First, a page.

And second, the main contention of the high-protein crowd- that even unrefined carbohydrates cause excessive insulin release- is false. Carbohydrates do provoke insulin release, but so do proteins and fats. The fact is: calories- from all sources- provoke insulin release. An Australian study published in the American Journal of Clinical Nutrition in 1997 reported the insulin score of many different foods. Museli, a traditional European whole grain dish, had an insulin score of only 46, which was much lower than fish at 59. Whole grain pasta had an insulin score of only 40, which was much lower than beef at 51. The cause of high serum insulin is insulin resistance which is caused mainly by being overweight- too fat. Unrefined carbohydrates do not make people fat. So, all this fearmongering about whole grains sabotaging insulin is pure hogwash, and those who spout it are just repeating each other.
So, what do I do to prevent diabetes?
First, I stay thin. I don't let myself get fat. I am 5' 6" and weigh 135 pounds, and I'm fairly well-muscled. I am careful about what I eat, and I eat almost a completely vegan diet. I don't restrict carbohydrates or fats, but I'm careful to eat only wholesome forms of each, such as whole grains and raw nuts. I avoid refined carbohydrates of all kinds. All the typical desserts that people commonly eat, I pass on completely: no exceptions. I watch my weight. I weigh myself every day, first thing in the morning, without clothes. I don't say that you have to weigh that often, but I think it's a good idea to keep your eye on it. You'd be surprised how many people are shocked to find out how much they weigh.
Second, I stay active physically. I do strength training, mainly with the Total Gym machine, which I have at home. I get cardiac/aerobic exercise from hiking, biking, and swimming. Both kinds of exercise are important in diabetes prevention. Strength training is important because muscles are reservoirs for blood sugar. The larger they are, the more glycogen they store, and the more they dampen the effect of eating. I don't say that you need to have muscles like Arnold, but it's vital to be well-toned and fit.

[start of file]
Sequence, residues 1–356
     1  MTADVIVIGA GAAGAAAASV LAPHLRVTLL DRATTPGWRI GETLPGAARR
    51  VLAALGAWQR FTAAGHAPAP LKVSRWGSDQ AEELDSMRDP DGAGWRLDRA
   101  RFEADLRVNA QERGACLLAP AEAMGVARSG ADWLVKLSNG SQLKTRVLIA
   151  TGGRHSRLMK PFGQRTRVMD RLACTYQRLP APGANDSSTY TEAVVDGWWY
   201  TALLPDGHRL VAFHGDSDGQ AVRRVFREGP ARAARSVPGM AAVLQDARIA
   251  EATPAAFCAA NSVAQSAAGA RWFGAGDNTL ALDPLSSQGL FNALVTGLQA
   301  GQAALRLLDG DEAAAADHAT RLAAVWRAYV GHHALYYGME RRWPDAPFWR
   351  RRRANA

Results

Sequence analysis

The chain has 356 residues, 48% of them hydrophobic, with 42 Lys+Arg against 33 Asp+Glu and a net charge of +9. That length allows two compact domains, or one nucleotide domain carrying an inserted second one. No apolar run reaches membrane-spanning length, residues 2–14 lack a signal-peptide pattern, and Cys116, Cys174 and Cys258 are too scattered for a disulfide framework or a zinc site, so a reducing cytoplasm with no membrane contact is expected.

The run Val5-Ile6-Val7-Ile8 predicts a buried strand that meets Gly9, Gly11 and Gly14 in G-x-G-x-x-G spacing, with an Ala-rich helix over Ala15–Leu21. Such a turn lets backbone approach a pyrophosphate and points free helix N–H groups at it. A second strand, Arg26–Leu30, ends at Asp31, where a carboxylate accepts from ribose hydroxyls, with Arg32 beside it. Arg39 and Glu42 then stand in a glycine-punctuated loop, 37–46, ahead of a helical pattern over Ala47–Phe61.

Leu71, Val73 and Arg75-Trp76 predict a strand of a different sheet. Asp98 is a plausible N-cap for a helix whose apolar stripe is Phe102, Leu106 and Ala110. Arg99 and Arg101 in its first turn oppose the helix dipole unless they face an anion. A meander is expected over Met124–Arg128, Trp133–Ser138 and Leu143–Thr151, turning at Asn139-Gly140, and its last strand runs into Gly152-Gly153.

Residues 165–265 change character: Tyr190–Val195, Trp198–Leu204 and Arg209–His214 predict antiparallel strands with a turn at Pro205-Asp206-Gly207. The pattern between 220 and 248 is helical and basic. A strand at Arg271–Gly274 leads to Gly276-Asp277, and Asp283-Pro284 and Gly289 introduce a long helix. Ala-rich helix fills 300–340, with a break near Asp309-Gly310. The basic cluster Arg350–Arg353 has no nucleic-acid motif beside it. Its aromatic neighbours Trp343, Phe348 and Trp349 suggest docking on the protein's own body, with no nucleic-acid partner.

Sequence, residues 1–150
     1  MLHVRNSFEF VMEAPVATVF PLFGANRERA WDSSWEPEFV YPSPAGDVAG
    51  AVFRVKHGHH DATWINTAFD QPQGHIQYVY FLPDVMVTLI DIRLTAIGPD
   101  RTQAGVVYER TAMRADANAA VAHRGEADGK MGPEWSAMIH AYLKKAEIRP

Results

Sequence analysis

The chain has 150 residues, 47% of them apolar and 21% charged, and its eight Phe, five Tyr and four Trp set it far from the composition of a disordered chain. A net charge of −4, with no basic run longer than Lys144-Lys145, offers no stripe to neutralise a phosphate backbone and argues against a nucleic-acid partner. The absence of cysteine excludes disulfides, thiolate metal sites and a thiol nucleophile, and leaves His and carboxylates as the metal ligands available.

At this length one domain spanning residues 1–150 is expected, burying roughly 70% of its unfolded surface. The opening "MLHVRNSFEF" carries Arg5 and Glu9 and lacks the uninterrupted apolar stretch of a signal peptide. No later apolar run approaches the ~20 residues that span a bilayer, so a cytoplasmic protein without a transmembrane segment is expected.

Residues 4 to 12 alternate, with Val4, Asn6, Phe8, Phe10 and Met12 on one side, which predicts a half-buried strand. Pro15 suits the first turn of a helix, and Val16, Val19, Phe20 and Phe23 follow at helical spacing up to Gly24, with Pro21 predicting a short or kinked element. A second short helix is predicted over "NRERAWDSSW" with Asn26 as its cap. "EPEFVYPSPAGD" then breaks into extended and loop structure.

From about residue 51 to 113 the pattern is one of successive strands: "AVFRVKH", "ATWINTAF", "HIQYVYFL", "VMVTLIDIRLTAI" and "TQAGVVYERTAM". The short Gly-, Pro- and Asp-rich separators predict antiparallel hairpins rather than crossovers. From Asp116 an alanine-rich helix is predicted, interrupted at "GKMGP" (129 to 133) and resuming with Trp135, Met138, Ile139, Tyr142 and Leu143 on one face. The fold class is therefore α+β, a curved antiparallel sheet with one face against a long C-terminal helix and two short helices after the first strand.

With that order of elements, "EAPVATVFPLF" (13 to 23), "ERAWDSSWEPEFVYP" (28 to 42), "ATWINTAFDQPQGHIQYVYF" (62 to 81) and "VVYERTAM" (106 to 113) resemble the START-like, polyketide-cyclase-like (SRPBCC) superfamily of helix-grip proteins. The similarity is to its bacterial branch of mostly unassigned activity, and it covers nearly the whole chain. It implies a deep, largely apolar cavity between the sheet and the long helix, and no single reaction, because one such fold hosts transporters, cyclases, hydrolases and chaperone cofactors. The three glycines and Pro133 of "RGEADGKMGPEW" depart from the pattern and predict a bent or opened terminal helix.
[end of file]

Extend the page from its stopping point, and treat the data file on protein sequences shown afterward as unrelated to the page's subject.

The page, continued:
Third, regarding supplements, I haven't had the mindset to take anything specifically to prevent diabetes, but, some of the supplements I take for general health do help in that way. For instance, Carnosine and Benfotiamine are powerful anti-glycation agents, and glycation is what does the damage in diabetes. Turmeric, green tea, resveratrol, and lipoic acid, all of which I take, have also been shown to help prevent diabetes. And some of the nutrients in my Extend Core multi, such as the MTHF form of folate and the P5P form of Vitamin B6 also ward off diabetes. Even Vitamin D is known to help prevent diabetes, and I take 5000 IUs of that.
VRP also offers a formula called GluControl which includes Goat's Rue, which, as I mentioned, is the herbal form of Metformin. I am not taking GluControl at this time, but if my blood sugar were to rise, I would consider taking it. One advantage it has over Metformin is that it is available without a prescription.
Be aware that diabetes varies a lot in degree, and milder cases of it may be corrected without taking anything. Diet, exercise, and weight management may be all that are needed to reverse it. None of us can be certain that we'll never get diabetes, but I am confident that, with everything I am doing, that I'll never get more than a mild case of it- no matter how long I live. That's my worst case scenario. I am not going to wind up like my grandfather, and it's empowering to know that.
But, nationwide and worldwide, diabetes is a huge and growing problem. Medicine has nothing useful to offer except Metformin. I believe the time is now and the need is urgent for every man, woman, and child to get serious about diabetes prevention. That means adopting an unrefined, plant-based diet, exercising diligently and regularly, and getting down to lean body weight. Drop all morbid body fat ASAP.
The Way To Quiet, Comfortable Digestion
- Created on Thursday, 23 September 2010 03:23
I heard from an older man this evening who is contemplating marriage, and he's concerned because he experiences a lot of intestinal gas, every day, and he knows it can only disrupt the marital bliss. I informed him that, according to Medicine, the average person passes gas about 14 times a day, and he informed me that he thinks he's passing gas about 50 times a day. I agreed that that's excessive. He also informed me that he's trying to eat healthily, with lots of fruits, vegetables, and green salads, and also nuts and beans. I agreed that it's very healthy food, but it's also more gas-forming than the usual fare that most people eat.
So, what is the solution? We certainly don't want to start living on hamburger and white bread just to avoid getting gas. But, I know very well that we can eat heartily of whole, natural plant foods without getting an inordinate amount of gas.
I realize that is a qualified statement. I wish I could tell you that I know how you can avoid getting gas completely. But, that would be a lie because I'm human too, and I experience some gas myself. But, not an inordinate amount. Not an amount that interferes with my social life or my love life. And that's what we are aiming for.
First, I want to suggest tried and true eating rules to help control gas.